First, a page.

Netflix Review: The Teen Drama 'Trinkets' Starring Negasonic Teenage Warhead
I have no illusions about the audience for whom Netflix’s Trinkets is designed, and it’s not the one who typically reads this site. It’s a teen drama based on a YA novel of the same name, written by Kirsten Smith. But I also understand that our typical reader — a female, 35-year-old liberal arts major — probably reads as much or more YA fiction as actual young adults (and I include myself among those who read a lot of YA lit).
However, given that the Netflix series is geared toward a teen audience, I want to give it some latitude, but even then, it’s disappointing series compared to other television shows marketed toward the same audience: MTV’s marvelous Awkward, Netflix’s The Society, the terrific Sex Education, The Runaways, or even problematic but entertaining shows like 13 Reasons Why or baffling but occasionally entertaining shows like Riverdale. The best that I can say for Trinkets is that it is inoffensively bland. The drama is low key, the writing is subpar, the acting is so-so, and the series itself just kind of exists. It’s not bad, but it’s not good, either. Even granting considerable latitude to the series, it is at best passably entertaining.
It does have an interesting cast, however. It’s a mix of familiar faces that look unfamiliar out of context, like the lead Brianna Hildebrand, who plays Elodie Davis. She’s a mousy wallflower who just moved in with her estranged Dad and his wife and son, after her mother died in a DWI accident. She’s not adjusting well to her new school, in part because she misses her girlfriend at her old school, and she takes advantage of the fact that no one ever notices her by shoplifting. It’s a far less showy role that the one Hildebrand is best known for, Negasonic Teenage Warhead in the Deadpool movies.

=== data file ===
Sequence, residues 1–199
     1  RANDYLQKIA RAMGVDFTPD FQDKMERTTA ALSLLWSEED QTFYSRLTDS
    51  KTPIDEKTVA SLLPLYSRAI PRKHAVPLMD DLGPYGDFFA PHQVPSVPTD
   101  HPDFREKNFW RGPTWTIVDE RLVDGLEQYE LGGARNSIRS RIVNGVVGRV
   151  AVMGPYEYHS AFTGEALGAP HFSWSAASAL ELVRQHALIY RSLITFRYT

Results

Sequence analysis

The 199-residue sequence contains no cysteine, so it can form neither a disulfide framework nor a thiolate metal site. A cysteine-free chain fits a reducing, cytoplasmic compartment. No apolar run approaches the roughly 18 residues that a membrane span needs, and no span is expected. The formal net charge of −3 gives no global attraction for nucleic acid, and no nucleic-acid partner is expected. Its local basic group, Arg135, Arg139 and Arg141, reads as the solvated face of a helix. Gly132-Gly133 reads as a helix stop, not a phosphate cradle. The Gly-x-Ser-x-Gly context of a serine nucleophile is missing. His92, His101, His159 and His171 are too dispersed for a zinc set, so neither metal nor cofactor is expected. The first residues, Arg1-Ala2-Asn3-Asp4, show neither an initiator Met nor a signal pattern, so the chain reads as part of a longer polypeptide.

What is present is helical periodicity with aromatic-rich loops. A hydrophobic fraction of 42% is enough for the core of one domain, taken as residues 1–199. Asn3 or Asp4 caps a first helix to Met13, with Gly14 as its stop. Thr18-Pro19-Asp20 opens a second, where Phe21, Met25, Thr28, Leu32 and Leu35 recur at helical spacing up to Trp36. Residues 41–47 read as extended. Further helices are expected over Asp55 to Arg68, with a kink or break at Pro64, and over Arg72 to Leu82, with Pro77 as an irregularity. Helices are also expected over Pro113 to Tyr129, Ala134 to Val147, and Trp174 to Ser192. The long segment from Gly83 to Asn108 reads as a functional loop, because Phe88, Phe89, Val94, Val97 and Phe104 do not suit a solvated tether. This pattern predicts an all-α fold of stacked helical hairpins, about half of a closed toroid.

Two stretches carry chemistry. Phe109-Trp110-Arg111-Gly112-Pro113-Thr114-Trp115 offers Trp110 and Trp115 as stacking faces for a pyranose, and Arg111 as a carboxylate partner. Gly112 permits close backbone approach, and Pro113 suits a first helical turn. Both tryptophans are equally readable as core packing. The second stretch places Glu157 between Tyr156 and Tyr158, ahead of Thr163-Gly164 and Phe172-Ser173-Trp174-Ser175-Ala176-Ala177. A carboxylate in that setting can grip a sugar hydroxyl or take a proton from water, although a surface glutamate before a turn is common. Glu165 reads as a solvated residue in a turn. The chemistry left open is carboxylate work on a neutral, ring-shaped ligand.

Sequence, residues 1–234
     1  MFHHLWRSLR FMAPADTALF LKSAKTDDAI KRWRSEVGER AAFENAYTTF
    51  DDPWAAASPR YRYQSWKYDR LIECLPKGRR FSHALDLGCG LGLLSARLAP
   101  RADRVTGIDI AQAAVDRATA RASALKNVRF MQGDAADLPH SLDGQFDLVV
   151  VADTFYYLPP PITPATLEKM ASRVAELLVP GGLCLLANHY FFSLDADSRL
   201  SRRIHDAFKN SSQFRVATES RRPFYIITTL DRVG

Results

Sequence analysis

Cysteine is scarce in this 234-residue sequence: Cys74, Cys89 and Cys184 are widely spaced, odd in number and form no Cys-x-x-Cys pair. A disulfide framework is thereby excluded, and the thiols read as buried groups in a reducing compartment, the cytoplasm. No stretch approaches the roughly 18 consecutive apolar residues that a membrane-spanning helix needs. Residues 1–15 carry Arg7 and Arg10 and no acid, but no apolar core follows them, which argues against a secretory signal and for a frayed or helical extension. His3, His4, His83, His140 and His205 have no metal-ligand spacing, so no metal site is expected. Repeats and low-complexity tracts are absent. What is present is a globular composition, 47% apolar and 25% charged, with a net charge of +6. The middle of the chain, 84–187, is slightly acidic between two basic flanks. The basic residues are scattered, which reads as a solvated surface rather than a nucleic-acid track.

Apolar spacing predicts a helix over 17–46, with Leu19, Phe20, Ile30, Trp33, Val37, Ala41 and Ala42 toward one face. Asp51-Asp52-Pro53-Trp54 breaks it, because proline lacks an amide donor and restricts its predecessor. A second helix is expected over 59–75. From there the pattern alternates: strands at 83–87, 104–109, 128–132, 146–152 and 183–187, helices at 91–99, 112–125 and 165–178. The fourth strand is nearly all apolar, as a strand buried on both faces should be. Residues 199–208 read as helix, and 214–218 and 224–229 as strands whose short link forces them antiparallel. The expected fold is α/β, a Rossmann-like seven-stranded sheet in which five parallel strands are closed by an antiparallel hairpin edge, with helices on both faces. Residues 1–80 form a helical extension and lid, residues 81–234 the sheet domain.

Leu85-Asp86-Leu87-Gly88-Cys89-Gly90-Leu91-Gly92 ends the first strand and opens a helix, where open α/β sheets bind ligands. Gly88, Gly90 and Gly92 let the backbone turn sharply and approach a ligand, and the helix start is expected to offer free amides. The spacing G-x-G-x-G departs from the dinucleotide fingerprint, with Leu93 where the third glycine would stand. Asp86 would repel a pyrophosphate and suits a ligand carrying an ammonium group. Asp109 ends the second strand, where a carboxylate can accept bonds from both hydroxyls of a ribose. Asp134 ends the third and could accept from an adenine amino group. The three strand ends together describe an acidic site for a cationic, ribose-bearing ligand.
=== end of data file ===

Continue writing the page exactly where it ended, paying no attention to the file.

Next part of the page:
After she gets caught shoplifting, her Dad (character actor Larry Sullivan from Big Little Lies) enrolls her in a shoplifting anonymous meeting, where forges an unlikely friendship with two of her classmates: Moe (Kiana Madeira), the smart girl who hides it beneath her tough talk and leather jacket (think Tori from Saved by the Bell), and Tabitha (Quintessa Swindell), the popular girl who has an abusive boyfriend played by Brandon Butler (who also plays a bully in 13 Reasons Why). Over the course of the series, these three women — who seemingly have nothing in common except for an addiction to shoplifting — become best friends, as they deal with their own issues at school and at home, including survivor’s guilt, abandonment, abuse, and divorce (in fact, Tabitha’s mom is played by Joy Bryant from Parenthood, although she is mostly wasted here).
The production values are low rent, the storylines all feel stitched together, and even when the women are dealing with heavier issues in their lives, there’s very little intensity or any sense of urgency. Trinkets can best be described as occasionally cute, but mostly muted and sleepy, as though the first draft of a read through were filmed and turned into a series. It lacks something, but it is not even defined enough to know what it is lacking.
Header Image Source: Netflix